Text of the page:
The Summer Queen

25 July 2013

Although the Medieval era isn’t really my period, I must admit to always having had a more than sneaking fascination with Eleanor of Aquitaine, who acts as such a vibrant antidote to the usual parade of mewling, milquetoast, wimpled Medieval Queens. Like so many other strong willed, dynamic and intelligent women of history, the true Eleanor has been somewhat eclipsed and fudged by the swathe of legends and rumours that surrounded her but I think that in her case at least, the truth is just as fascinating a story as all the lies.

This certainly seems to be the theme of Elizabeth Chadwick’s trilogy about Alienor (the name she used for herself and the one she has in the book) as she is called in the books), the first superb part of which, The Summer Queenrecently came out to much acclaim. In The Summer Queen we meet not the rambunctious, scandalous, incestuous Alienor of popular imagining but instead an altogether more refined, dignified and nuanced figure – a principled, determined woman of great personal beauty, enormous charm and much intelligence. More to the point she is entirely a woman of her time, concerned with faith and trying her best to be a dutiful wife and a respected Queen. ‘Feisty’ is not a word that you could use to describe this Alienor; she is not a modern woman transported to a Medieval setting but instead entirely of her time which makes for a really immersive and convincing reading experience.

This was actually my first attempt to read an Elizabeth Chadwick novel. I don’t usually stray so far back into the Middle Ages but I absolutely HAD to read this one and I was not at all disappointed. From the moment the book began with Alienor’s final farewell to her father before he went off on his ill fated pilgrimage to Compostela, I was absolutely riveted, seduced both by the character of Alienor herself and also the world that surrounded her, which was described in sumptuous detail, especially when Alienor and her husband Louis go on their own pilgrimage and stay in wonderful palaces in Jerusalem, Antioch and Constantinople.

Alienor of Aquitaine and Henry II side by side for eternity at Fontevraud. Their bodies, however, are lost to us now thanks to the despoiling of the French Revolution.

Most of The Summer Queen concerned Alienor’s ill fated marriage to the handsome but overly pious and rather unpleasant King Louis of France, a match that had been arranged by her father before his untimely demise. Although the marriage started off well enough with both Alienor and Louis feeling at least some affection for each other, it didn’t take all that long before their very different personalities led to everything going completely pear shaped – a scenario that I thought was very well done here and even poignant in places even though, obviously, we’re all cheering Alienor along.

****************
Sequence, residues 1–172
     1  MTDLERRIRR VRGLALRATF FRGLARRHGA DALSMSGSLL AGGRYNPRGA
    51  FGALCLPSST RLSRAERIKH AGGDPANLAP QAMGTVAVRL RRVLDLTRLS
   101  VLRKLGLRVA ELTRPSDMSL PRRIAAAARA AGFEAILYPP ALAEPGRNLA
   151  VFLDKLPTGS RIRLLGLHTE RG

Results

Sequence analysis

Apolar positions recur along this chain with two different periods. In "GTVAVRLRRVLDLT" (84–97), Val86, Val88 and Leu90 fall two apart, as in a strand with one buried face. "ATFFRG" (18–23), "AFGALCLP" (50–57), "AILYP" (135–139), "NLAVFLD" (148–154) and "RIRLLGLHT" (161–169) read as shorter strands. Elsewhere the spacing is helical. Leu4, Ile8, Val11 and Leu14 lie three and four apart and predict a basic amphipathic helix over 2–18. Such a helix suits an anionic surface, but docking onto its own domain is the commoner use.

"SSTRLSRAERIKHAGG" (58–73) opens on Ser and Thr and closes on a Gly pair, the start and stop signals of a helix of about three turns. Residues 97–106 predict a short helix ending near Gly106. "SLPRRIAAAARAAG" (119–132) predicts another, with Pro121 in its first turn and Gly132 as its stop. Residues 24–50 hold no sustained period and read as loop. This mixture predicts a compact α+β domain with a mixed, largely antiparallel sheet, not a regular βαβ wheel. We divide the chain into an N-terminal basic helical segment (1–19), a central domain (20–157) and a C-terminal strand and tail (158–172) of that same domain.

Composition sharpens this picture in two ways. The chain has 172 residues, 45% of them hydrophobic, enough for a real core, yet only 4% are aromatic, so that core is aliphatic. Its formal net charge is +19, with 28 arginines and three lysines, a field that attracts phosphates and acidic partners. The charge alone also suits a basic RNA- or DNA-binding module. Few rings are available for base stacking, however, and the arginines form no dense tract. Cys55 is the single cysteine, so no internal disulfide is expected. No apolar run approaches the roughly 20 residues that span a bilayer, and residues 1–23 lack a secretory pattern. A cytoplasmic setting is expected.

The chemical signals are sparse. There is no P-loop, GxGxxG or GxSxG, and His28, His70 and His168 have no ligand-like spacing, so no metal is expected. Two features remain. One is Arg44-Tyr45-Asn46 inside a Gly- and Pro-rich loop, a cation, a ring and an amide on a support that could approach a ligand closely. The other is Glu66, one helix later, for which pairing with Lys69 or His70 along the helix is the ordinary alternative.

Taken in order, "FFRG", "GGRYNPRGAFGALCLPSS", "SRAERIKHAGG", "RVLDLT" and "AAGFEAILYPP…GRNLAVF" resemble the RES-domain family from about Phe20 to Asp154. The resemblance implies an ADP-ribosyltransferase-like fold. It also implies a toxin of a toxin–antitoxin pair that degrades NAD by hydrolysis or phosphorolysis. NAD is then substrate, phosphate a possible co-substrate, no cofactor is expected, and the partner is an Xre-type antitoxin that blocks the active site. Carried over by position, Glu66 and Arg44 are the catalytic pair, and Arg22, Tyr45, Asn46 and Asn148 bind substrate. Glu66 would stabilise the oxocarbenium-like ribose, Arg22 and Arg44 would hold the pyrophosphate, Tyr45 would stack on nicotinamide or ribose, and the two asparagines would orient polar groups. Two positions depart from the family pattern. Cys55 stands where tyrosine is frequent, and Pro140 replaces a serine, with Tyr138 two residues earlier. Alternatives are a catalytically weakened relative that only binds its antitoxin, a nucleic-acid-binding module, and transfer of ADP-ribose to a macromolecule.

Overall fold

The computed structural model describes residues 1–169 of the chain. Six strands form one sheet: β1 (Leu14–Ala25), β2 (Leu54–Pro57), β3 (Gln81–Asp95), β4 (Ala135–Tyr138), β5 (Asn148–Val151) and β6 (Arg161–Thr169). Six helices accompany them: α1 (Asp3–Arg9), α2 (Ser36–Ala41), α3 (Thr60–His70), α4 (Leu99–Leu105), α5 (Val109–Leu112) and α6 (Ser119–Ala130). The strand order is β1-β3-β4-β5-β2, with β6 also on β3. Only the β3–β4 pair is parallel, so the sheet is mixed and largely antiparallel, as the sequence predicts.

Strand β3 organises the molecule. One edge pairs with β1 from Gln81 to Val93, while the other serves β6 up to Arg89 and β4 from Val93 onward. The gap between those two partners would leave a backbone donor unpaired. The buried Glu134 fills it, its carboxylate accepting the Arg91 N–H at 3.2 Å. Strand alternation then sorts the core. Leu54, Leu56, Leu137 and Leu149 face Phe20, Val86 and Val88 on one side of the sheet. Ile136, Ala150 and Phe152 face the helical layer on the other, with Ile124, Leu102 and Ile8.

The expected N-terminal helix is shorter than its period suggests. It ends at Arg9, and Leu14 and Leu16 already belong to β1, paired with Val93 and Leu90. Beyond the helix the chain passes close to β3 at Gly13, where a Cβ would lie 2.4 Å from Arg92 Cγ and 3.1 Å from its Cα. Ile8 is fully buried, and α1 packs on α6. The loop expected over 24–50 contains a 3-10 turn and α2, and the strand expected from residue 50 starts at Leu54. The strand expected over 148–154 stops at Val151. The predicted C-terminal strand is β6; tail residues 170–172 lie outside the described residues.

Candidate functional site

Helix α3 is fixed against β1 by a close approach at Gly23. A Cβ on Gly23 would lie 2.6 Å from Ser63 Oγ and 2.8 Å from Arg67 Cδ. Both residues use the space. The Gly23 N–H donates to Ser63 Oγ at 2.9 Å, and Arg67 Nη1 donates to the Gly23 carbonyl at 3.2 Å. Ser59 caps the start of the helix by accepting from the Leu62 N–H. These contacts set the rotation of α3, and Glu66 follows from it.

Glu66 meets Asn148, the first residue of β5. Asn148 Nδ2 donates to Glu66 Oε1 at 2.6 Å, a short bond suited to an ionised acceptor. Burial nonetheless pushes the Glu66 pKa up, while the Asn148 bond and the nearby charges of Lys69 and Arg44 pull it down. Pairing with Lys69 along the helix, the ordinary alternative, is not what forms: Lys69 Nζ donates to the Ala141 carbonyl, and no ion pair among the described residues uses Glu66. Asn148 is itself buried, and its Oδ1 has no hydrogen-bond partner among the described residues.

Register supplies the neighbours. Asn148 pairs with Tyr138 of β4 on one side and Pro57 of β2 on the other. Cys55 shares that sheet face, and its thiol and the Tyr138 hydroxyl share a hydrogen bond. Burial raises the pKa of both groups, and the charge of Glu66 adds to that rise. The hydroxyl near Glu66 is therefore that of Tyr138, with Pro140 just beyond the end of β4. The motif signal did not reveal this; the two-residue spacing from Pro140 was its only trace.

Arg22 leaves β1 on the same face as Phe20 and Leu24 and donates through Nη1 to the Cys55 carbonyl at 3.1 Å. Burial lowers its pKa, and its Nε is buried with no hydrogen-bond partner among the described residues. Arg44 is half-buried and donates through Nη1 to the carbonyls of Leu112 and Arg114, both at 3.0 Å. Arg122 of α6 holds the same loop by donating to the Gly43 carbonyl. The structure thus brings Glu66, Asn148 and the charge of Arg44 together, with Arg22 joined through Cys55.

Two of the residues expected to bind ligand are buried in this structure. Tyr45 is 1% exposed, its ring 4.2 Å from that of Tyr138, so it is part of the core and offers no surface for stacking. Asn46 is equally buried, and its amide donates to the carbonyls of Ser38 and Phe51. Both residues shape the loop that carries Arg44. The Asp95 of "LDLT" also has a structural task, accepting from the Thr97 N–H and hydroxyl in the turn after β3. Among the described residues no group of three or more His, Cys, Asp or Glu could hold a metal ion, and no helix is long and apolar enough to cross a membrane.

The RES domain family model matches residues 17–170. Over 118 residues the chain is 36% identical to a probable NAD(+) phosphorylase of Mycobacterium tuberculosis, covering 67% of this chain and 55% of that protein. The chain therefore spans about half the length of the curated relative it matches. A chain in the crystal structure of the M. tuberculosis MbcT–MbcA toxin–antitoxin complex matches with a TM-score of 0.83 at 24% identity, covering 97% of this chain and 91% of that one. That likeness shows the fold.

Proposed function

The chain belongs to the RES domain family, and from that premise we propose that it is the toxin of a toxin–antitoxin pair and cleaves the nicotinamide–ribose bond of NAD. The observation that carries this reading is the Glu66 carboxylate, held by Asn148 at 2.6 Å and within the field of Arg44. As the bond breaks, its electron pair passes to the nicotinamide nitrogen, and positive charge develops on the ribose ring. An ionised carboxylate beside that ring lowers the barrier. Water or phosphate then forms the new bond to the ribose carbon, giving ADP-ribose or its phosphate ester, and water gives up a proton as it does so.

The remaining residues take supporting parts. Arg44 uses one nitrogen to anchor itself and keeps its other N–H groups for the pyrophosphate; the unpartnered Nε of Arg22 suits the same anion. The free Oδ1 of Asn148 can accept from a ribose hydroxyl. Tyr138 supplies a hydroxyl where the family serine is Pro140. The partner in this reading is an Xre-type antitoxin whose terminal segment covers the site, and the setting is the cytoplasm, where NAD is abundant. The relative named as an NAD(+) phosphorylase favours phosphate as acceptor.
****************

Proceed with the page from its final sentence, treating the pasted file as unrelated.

However, for me the book really took off when handsome Geoffrey of Anjou and his son Henry entered the scene. Henry, of course, being destined to be Alienor’s second husband and the future Henry II of England. He’s depicted here as a sort of cross between our own Prince Harry (shush, I think he’s lovely) and a younger version of Peter O’Toole’s Henry in The Lion in Winter, all scruffy clothes, irritation, fiery quick wits and good humour – until he’s crossed. What a great characterisation and I can’t wait to see more of him in the two follow up volumes.

Anyway, in summary this is a superb, occasionally moving and often entrancing novel about one of history’s most notorious, enigmatic and fascinating Queens and definitely recommended reading for the summer holidays. Forget The White Queen, THIS is a series that I’d REALLY love to see being dramatised.

ps. This book also features one of possibly THE greatest names in all history – Dangereuse de Chatellerault, who was Alienor’s grandmother. It wasn’t her real name, perhaps obviously enough but WHAT a corker. If the royal baby had turned out to be a girl then I think William and Kate should have harkened back to this ancestress for some naming inspiration!


‘Frothy, light hearted, gorgeous. The perfect summer read.’ Minette, my novel of 17th century posh doom and intrigue is now £2.02 from Amazon UK and $2.99 from Amazon US.

Blood Sisters, my novel of posh doom and iniquity during the French Revolution is just a fiver (offer is UK only sorry!) if you order before the end of August! Just use the clicky box on my blog sidebar to order your copy!

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